Overcoming obstacles to clinical trials and FDA approval to ensure that effective therapies get to families by 2025
Since the genetic disease mechanism was discovered in 2010, facioscapulohumeral muscular dystrophy (FSHD) research has gained tremendous momentum. Recent breakthroughs have brought us to a new world. It is no longer enough to fund research grants. There is additional essential work to be done to pave the way for successful clinical trials and the approval of effective therapies.
With every affected patient in mind, our Therapeutic Accelerator program seeks to overcome the hurdles and shorten the timeline to get therapies to our families.
More than a dozen companies have drug development programs in FSHD. We listen to their challenges and map out a responsive strategy for overcoming obstacles. Through collaborations and our own initiatives, we are lifting all companies that are developing treatments closer to our shared goal - therapies to families by 2025.
In March 2019, the FSHD Society convened our first Industry Collaborative. This was a landmark meeting attended by FDA regulators as well as researchers from seven biopharmaceutical companies, academic scientists who are leading the effort to prepare the field for clinical trials, and representatives of patient advocacy organizations including the MDA, Friends of FSH, and Chris Carrino Foundation.
The workshop introduced the FDA to FSH muscular dystrophy – the impact of the disease on individuals, why scientists think FSHD is treatable, and the progress that has been made toward clinical trials – and sought input from the FDA on how to develop methods to measure treatment effects to meet the standards for FDA approval.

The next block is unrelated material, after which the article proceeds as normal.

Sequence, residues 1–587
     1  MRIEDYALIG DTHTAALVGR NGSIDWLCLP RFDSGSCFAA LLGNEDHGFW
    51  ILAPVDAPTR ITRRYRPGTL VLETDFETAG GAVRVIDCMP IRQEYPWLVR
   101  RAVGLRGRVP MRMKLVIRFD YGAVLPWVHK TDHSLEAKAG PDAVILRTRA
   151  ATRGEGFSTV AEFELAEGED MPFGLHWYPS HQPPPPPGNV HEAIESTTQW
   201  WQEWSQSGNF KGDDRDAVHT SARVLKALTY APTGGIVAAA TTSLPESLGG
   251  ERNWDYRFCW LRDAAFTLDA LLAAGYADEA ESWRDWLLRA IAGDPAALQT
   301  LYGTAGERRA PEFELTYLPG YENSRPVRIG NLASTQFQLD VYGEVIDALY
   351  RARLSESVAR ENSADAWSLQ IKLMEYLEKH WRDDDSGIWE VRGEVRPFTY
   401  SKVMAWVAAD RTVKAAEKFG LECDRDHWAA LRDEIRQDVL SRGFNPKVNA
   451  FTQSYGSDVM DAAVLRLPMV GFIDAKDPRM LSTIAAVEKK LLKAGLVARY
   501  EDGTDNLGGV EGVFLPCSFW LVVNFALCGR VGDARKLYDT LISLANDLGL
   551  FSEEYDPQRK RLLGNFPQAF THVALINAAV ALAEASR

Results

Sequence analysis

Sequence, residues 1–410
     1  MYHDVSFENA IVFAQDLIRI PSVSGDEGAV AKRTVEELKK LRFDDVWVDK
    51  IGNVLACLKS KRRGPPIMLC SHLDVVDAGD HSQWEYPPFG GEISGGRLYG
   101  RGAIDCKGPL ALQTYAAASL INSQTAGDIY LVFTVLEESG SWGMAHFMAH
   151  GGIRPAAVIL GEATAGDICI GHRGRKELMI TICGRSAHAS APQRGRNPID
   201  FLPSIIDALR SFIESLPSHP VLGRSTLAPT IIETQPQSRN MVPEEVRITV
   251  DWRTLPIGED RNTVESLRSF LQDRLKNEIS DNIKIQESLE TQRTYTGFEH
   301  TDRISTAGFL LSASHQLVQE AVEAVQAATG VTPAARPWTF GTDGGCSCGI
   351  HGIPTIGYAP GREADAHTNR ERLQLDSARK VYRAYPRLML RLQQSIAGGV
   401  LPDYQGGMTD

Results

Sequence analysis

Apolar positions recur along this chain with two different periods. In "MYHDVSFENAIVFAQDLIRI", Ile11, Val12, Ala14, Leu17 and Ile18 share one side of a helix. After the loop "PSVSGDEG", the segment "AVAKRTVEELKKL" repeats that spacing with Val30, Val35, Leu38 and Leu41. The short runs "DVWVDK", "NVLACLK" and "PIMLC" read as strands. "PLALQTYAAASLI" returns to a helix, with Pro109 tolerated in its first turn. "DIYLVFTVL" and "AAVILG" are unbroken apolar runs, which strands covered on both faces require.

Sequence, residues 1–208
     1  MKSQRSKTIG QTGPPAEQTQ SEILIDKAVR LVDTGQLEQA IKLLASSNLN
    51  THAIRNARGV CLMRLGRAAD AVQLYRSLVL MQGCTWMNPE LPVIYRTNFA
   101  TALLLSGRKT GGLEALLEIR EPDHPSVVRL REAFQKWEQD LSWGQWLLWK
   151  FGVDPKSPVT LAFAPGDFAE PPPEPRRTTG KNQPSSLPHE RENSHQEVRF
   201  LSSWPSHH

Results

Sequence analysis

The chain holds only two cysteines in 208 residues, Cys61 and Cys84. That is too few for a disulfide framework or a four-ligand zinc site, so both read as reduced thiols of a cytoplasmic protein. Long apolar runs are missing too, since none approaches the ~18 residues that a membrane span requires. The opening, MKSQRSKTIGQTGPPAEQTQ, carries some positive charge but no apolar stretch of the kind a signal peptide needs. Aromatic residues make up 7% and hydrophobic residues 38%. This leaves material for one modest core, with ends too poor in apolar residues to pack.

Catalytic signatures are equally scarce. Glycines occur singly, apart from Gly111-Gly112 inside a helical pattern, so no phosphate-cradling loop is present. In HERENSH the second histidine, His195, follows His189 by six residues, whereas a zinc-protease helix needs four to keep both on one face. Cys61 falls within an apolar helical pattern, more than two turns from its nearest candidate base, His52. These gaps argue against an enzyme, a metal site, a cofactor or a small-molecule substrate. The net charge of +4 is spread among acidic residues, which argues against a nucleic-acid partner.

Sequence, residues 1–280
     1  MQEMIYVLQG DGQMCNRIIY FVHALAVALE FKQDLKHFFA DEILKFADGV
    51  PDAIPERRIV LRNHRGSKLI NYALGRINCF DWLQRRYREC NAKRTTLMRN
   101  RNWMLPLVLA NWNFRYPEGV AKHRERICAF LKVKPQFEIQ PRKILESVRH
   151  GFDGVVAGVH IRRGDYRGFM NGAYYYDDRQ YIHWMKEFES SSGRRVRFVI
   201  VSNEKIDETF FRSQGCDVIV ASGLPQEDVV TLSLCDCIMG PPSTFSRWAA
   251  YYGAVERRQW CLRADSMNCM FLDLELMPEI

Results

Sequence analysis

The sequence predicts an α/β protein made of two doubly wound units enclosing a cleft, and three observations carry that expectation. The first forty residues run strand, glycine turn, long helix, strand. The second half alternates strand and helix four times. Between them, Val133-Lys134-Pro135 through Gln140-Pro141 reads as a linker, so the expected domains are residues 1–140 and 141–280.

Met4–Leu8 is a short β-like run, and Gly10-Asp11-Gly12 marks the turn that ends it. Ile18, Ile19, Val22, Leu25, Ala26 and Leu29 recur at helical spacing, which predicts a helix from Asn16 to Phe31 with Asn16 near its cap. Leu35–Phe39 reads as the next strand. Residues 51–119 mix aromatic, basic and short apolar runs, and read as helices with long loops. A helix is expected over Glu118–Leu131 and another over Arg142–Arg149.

The findings from the workshop are summarized in a white paper, Industry Collaborative Workshop for Therapy Development in FSHD.
Therapeutic Accelerator Project areas
All of these areas require a coordinated effort to ensure that clinical trial measurement tools meet industry and FDA standards. All drug development companies will have an accepted way to measure the effectiveness of their drugs, and the most promising will go into clinical trials faster.
Genetic diagnosis. Our TestFSHD initiative aims to improve individuals' access to faster, more cost-effective genetic testing. This project fills a significant medical need and will enlarge the number of genetically confirmed patients for clinical trials.
Circulating biomarkers. We strive to develop a blood test that biopharmas can rely on to measure the effectiveness of their drugs in clinical trials that are less invasive than a muscle biopsy.
Imaging biomarkers. While promising as a way to measure whether a drug is working, magnetic resonance imaging (MRI) findings must be confirmed and proven to correlate with other measures such as strength and function.
Integrating global patient registries & natural history studies. We are working on ways to aggregate and analyze data across multiple registries to gain a more rigorous, comprehensive view of the condition.
Patient-focused Drug Development meeting. In June of 2020, the FSHD Society convened the landmark externally-led patient-focused drug development (EL-PFDD) meeting on FSHD. The resulting Voice of the Patient Report has been submitted to the FDA and EMA.
Health economics outcomes research. The Society is analyzing large medical claims datasets and conducting the True Cost of FSHD survey to better understand FSHD prevalence, patient journey, and the direct and indirect economic costs associated with this diagnosis.
International care standards. Updating care standards for the international community will benefit patients and standardize baselines in clinical research and trials.
What we do and why...
With programs like our Continuing Medical Education (CME) course, we work to speed up the diagnosis and improve the standard of care for patients everywhere, which helps to ensure higher-quality clinical trials.
Anybody can do the
ordinary…We are being
challenged to do the
- Mark Stone
President and CEO